Special to the Philanthropy Journal
By Clare Jordan and Michelle Schneider
When Greensboro, North Carolina, Assistant City Manager, Chris Wilson, is asked about public-private partnerships, he lights up with the opportunity to talk about the “shining example” of the Greensboro Science Center (GSC).
Now a well-respected model for other such ventures, the GSC was once a small-scale community museum with a petting zoo, content with its status quo. Formerly managed by the City of Greensboro as an extension of its recreation offerings, it lacked a forward-looking vision, and had not grown visitation or support over its many years of operation.
Enter Glenn Dobrogosz, who was appointed Executive Director in 2004, 12 years after the entity had been converted to a nonprofit, 501c3. With Glenn’s vision and empowerment of the staff, it soon became apparent that inspiring growth was underway.
A major catalyst that shifted the organization’s future occurred when Glenn met Chris Wilson, and the two began working together to push for bigger ideas and economic development. This partnership unleashed a public-private partnership that would impact the entire community in unforeseeable ways.
An important lesson to share with organizations considering a major effort like this is that big visions are far more inspiring than incremental improvements. Glenn Dobrogosz brought big vision to the GSC. He delivered on the vision by building a dynamic staff, then earning the trust of potential supporters and making connections that would enable his vision to become reality.
With the belief that the GSC had to change to survive, Glenn began sharing his vision for a “three-in-one campus,” including an AZA-accredited zoo and aquarium combined with an AAM science museum – a one-stop destination for science and tourism. These ideas developed through strategic planning work.
A necessary step for success is that this vision led to broad dynamic changes, stakeholder buy-in, and city leaders seeing its potential for economic development and improved quality of life in the greater community. A master plan for phased growth over a 10-plus-year period that was mission-oriented and responsive to the marketplace was created.
Culture of Philanthropy
This vision came with a big price-tag, and in 2009, the citizens of Greensboro stepped up by approving a $20 million bond for the GSC. With the passage of the bond, momentum grew, the vision grew, and so did the need for philanthropic support. The GSC set out to raise $5 million to complement the bond funding, but in this case, raising the first million proved to be a challenge, as they had no development experience.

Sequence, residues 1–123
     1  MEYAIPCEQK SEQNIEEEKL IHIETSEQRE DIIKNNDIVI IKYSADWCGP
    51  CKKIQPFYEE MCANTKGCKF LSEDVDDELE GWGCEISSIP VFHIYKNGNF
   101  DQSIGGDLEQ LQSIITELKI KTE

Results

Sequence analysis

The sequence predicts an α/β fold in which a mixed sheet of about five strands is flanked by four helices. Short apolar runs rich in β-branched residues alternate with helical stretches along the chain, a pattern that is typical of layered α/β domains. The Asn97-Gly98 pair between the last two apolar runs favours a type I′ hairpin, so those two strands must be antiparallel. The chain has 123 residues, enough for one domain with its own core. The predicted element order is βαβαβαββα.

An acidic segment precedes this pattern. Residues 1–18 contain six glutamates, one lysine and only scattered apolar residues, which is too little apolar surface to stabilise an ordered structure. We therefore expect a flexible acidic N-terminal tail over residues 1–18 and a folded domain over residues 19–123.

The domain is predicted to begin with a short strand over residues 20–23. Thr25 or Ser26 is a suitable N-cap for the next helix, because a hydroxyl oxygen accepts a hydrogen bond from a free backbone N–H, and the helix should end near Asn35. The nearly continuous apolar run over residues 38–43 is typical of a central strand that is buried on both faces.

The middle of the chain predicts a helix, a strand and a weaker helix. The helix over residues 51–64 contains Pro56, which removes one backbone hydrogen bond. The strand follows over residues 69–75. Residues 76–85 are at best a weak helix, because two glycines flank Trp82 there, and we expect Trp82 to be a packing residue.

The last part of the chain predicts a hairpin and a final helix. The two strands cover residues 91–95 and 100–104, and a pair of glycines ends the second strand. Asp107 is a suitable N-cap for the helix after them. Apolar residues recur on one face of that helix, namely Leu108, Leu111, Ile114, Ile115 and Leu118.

In the nonprofit sector, we talk a lot about “building a culture of philanthropy.” Every organization wants one (a culture of philanthropy), but there are few who truly understand and embrace the work needed to create it. Enter Capital Development Services (CapDev). At the recommendation of a board member, CapDev worked with staff and volunteers to implement best practices in fundraising and donor engagement. This included a heavy emphasis on building relationships, and fostering an environment that encourages sharing connections and celebrating each new supporter. The GSC became a place where donors wanted to be, even leading individual supporters to approach them to be included.
The GSC now has a thriving culture of philanthropy. “Donors are investing – their gifts, their time, and their support for public dollars,” says Michelle Schneider, Senior Counsel for CapDev, the GSC’s Capital Campaign consulting firm. “All of the partners value the culture of philanthropy,” she said, “further boosting the campaign’s success.”
“We embraced philanthropy in ways we never had before. We hired our ﬁrst director of development. Some of the staff who were originally the most hesitant are now fundraising champions.” – Glenn Dobrogosz, Executive Director
Strategic plans and capital campaigns, done well, can bring focus and structure to an organization. Leaders agree that the timing of the GSC capital campaign was perfect. As the Executive Director, Glenn kept the GSC’s vision as his priority and made certain there was recognizable impact. “Recognizing that it’s an investment with ROI made it hard to argue with,” said Chris Wilson, as he worked to promote the investment of public funds.
A feasibility study conducted by CapDev, indicated the possibility for a $6 million campaign, and the “Think Big” Campaign was launched in 2015. The economics of the project bolstered the campaign’s case for support. Visitation grew with new and improved exhibits. The engines of recreation, science, education and history were all fueled by interest in this campaign. “The campaign brought new attention, new people,” said Glenn Dobrogosz.
The first big boost came in the form of a $1 million gift, then the organization’s largest gift, from Susan and Eric Wiseman. The Wiseman gift was a catalyst for the campaign. Their interest in ensuring the city had a high caliber aquarium, as well as a clear focus on ocean conservation led them to be lead funders of a 5,200-square foot addition to the aquarium focused on species diversity, conservation, art and technology. Ultimately, they agreed to chair the campaign.